Wayne Barker is a fine artist based in Johannesburg, South Africa. He rose to prominence in the late 80s, at the height of political unrest under the apartheid regime. He remains one of the most prolific and influential artists to have emerged from the country. Barker’s work has featured in several global biennales, art fairs and important retrospective exhibitions. He works in various mediums, including but not limited to painting, printmaking, sculpture, video, performance and installation. In addition to collaborations with other artists, Barker has collaborated with the Qubeka Beadwork Studio based in Cape Town, South Africa, to realise large-scale glass beadworks. Major concerns have included the legacy of colonialism in South Africa, issues of land and contestation as evidenced in works referencing the paintings of J.H Pierneef, issues around race, reconciliation and accountability as well as an evidenced sensitivity to humanist concerns that border on poetic. His works have influenced contemporary art practice in South Africa on a major scale, with several of his contemporaries and younger artists citing his work as turning points in perspective and practice. Barker was born in Pretoria, South Africa on the 27th July 1963 to a white, working-class family at the height of Apartheid. Barker’s father was a South African Air force pilot, later turned commercial pilot and as a result, Barker and his siblings grew up on the Valhalla military base in Pretoria. Valhalla is the oldest Air force base in the country, functional since 1921. Growing up in the highly conservative atmosphere of Pretoria in the 70s could in some ways be seen as a catalyst and contributing factor to Barker’s particularly rebellious and aggressive attack on that exact conservatism.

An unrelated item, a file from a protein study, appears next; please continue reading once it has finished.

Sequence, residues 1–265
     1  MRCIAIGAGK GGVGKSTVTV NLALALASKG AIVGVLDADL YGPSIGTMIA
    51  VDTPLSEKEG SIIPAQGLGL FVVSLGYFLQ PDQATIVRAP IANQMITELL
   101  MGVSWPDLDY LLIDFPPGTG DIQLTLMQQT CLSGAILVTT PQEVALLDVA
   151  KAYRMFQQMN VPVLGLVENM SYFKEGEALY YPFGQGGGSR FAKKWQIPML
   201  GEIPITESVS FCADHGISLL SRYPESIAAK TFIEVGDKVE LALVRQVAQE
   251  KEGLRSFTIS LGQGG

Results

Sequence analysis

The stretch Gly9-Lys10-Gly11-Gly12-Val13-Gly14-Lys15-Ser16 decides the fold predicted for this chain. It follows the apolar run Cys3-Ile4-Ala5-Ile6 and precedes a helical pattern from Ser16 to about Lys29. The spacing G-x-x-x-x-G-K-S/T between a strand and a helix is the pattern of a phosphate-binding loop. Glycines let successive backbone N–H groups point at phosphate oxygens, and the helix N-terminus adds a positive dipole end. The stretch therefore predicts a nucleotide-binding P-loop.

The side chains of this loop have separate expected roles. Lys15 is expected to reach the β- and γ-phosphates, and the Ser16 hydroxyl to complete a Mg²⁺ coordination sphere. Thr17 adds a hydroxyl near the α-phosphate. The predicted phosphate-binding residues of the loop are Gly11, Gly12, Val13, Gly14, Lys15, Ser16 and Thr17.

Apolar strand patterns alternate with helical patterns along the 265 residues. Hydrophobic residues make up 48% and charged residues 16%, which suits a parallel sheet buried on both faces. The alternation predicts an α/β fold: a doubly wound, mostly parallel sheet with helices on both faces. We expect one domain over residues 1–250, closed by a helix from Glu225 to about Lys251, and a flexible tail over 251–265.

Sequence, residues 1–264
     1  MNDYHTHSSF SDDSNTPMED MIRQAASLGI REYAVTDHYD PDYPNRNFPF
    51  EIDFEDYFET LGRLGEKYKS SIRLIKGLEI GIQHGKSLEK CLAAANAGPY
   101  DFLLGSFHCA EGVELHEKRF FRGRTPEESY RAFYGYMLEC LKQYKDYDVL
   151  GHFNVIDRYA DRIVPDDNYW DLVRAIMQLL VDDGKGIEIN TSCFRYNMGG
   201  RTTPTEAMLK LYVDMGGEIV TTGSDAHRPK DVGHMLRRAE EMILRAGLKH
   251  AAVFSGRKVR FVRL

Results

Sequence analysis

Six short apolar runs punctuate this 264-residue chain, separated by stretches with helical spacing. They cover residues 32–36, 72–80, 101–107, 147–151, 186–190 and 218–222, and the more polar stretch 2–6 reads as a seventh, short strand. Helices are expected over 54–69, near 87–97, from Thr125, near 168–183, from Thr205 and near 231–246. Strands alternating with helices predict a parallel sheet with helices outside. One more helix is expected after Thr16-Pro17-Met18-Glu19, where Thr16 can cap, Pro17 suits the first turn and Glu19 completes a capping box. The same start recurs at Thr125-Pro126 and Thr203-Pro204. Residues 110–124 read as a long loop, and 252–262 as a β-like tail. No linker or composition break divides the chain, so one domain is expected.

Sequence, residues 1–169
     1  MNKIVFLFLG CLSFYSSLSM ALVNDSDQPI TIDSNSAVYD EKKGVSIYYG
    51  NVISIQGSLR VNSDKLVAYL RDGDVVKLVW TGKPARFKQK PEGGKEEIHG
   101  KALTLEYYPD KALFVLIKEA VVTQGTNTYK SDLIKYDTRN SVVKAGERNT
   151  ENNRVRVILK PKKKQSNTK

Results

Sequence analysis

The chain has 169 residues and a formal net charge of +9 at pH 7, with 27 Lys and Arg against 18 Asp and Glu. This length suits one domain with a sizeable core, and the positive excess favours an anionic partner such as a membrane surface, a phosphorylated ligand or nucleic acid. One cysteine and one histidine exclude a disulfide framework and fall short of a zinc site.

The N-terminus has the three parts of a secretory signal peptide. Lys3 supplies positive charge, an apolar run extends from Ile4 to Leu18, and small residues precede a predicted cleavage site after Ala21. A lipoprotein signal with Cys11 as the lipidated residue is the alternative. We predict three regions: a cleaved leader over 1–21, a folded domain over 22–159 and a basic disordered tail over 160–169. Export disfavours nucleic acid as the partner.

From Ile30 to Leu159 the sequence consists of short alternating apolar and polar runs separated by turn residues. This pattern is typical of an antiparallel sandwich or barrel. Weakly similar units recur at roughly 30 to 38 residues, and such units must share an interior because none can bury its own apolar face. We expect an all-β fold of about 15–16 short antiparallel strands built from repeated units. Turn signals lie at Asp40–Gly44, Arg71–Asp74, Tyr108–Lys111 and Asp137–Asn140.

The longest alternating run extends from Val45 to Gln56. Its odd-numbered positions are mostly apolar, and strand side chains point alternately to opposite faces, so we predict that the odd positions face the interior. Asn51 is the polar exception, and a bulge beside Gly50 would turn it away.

Barker remains an active participant in the South African contemporary art sphere.

CROSS FIRE I (2016) | 100 X 71 CM | SCREEN PRINT ON FABRIANO | A/P 1 | R25 000​

CROSS FIRE II (2016) | 100 X 71 CM | SCREEN PRINT ON FABRIANO | A/P 1 | R25 000​